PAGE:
In 2015, the Farmers Journal visited a part-time farmer who was just after buying 16 acres of land adjoining his home block in Roscommon. It was all in one block and there were no internal fences. The land was farmed intensively for a number of years. As a result, it had become poor in terms of fertility. Rough grasses, rushes and scrub were endemic throughout. Some of the ground was peaty and low-lying, while some of it would be considered dry. Part of the land contained a hill with a steep gradient. The low-lying parts had water sitting stagnant that could not drain away.
Estimated annual growth was low, at 2t DM/ha to 3t DM/ha. The farmer was running a contract-rearing enterprise and his plan after acquiring the new land was to increase heifer numbers. Before this could happen, he was going to have to make considerable investments in the land to make it productive and easier to run.
When we visited in August 2015, we featured the land in the paper in its original state and put out a request for your feedback and ideas. From there, we made a plan with the farmer to implement:
Table 1 shows all the main infrastructural investments the farmer had spent on this 16-acre block since the purchase. In total, £1,187/acre had been spent. Below, we give a brief outline of how and why these investments were made.
All existing drains were cleaned out with a digger. Open drains in the neighbouring land were cleaned to ensure that the water had a place to go and the flow rate would increase. A large drain was dug to a depth of 2ft at one end, moving down to 3ft at the outlet in the drain and a 6in diameter drainage pipe was laid. The pipe was covered with 3in stone all the way to the surface. Collector shores in the low-lying areas feed into this main drain. These shores only contain stone and are 18in to 2ft deep, depending on the ground.
The hill was cleared of the scrub with a mulcher, and a digger levelled the steeper parts to make it safer and easier to carry out machinery work in the future. When all the scrub was cleared, the hill was reseeded.
Paddock and water system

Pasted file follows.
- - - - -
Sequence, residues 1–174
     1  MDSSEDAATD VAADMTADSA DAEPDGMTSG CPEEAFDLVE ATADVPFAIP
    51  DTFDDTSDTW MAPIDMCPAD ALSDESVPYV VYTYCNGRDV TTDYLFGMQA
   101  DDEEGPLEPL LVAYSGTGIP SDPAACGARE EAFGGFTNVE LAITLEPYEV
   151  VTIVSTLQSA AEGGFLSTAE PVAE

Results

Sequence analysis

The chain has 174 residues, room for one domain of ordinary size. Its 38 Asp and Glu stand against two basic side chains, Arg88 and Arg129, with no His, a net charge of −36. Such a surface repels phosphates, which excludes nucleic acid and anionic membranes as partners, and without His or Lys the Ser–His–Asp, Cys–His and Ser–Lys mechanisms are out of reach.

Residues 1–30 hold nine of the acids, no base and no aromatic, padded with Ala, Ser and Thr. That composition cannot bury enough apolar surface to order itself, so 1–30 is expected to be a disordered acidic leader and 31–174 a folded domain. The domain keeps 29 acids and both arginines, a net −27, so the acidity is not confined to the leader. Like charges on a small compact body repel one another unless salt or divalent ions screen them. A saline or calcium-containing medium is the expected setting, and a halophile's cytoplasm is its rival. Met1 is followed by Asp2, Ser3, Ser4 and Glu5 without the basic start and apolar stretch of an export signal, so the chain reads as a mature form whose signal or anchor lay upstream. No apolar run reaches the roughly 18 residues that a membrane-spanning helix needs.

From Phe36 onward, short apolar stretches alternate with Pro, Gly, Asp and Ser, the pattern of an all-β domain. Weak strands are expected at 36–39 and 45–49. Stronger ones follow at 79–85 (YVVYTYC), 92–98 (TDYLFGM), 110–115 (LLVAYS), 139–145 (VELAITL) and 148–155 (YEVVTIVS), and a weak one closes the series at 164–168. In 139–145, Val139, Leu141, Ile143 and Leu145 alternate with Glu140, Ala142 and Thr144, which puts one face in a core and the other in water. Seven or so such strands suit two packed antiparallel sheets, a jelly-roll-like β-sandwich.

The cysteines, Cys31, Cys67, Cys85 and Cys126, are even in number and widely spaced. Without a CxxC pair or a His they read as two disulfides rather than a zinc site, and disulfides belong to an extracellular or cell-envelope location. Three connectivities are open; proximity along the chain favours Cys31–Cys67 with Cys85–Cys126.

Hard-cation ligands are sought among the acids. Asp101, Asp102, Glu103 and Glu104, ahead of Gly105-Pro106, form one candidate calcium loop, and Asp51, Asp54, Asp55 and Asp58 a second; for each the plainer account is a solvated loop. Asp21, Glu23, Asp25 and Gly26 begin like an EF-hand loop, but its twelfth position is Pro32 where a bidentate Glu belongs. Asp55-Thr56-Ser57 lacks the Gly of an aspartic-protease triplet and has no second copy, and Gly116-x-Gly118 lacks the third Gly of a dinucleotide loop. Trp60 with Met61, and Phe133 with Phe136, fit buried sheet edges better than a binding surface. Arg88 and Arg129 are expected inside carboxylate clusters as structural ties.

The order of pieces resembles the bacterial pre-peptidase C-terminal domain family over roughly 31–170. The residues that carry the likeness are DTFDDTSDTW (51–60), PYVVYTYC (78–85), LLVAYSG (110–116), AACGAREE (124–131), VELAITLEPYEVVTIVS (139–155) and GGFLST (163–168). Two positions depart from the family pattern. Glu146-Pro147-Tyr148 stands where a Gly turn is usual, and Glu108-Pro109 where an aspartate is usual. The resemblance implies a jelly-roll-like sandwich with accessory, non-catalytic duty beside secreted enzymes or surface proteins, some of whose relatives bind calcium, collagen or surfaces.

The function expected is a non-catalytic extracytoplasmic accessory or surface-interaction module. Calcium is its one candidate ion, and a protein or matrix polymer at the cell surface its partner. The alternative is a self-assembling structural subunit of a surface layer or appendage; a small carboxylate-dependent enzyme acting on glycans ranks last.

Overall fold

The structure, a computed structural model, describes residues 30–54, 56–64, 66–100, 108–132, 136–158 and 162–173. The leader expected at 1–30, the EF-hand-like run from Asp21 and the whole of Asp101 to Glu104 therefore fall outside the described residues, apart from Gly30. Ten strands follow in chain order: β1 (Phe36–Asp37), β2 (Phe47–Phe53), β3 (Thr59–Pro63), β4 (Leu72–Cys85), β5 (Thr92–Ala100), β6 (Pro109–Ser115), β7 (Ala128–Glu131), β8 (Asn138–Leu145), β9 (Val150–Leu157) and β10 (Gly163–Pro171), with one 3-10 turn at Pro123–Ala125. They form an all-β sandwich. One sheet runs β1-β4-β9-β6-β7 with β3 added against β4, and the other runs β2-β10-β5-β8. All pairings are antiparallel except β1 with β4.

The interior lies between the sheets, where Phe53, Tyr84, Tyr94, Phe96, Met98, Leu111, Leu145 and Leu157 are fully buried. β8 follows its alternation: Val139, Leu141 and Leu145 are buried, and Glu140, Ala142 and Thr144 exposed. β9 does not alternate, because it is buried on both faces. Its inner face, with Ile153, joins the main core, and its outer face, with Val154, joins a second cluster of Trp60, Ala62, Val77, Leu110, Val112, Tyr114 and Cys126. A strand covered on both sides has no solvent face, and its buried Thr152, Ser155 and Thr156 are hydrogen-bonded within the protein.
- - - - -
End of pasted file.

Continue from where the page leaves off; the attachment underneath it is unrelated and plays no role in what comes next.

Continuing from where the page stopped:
The farmer wanted to install a paddock system to maximise grass growth and simplify herd management.
The block was divided into seven paddocks, with an average size of 2.3 acres. One strand of high-tensile wire and timber stakes were erected for the internal paddocks. Sheep wire was also erected around part of the perimeter to allow sheep to graze.
The farmer now further subdivides wetter paddocks to fully utilise more difficult areas.
Concrete water troughs were placed between paddocks and they are supplied by 0.5in diameter pipes. Stone was laid around the troughs to prevent the area getting mucky and soil eroding away.
The farmer wanted a roadway to make it as easy as possible to handle heifers, especially at breeding time. The roadway was put in directly on top of the land using stone from the local quarry.
In total, 390m of roadway was put in at 10ft wide and 9in to 12in thick, with 1ft of stone put in very wet parts (red rock, which compacts very well).
Originally, the farmer did not plan on much reseeding. He had planned to just reseed the hill after the scrub was cleared. The reason for the minimal reseeding was because he did not want to overspend on his original budget and felt if he had the drainage, paddocks and roadways in place it would be easy to reseed again.
However, some of the low-lying paddocks that had considerable drainage work done had little or no grass growing back. Therefore, he realised he had no choice but to reseed these paddocks to get them back into production after the drainage work. Approximately six acres were reseeded in total. The grass seed used was a mixture of Abergain, Kintyre, Drumbo, Aberchoice and a clover blend at a rate of 1.5 bags to the acre and three bags of 10:10:20 were spread per acre.
After one year, the result speaks for itself. The two photos show the transformation from what was a poor-performing piece of ground to a grazing platform positioned to grow grass which can be easily utilised by livestock.
The wet paddocks have dried up considerably and are unrecognisable from the state they were in one year ago. The paddock system gives the farmer far more control of grass growth.
If grass growth is very high during the summer, he can skip paddocks and make bales of silage. If there is difficult weather, he can avoid grazing the heavier paddocks and he knows damage to paddocks will be limited because heifers are only grazing an area for a short period.
The farmer spread lime on the entire this spring and plans to continue to spread compound fertilisers to increase soil indexes.
Good soil fertility, combined with regular intensive grazing, will encourage grass growth and help pump water out of the ground reducing the chances of rushes and flaggers becoming established again.
The farmer has exceeded the original budget and spent close to €19,000 on the reclamation work.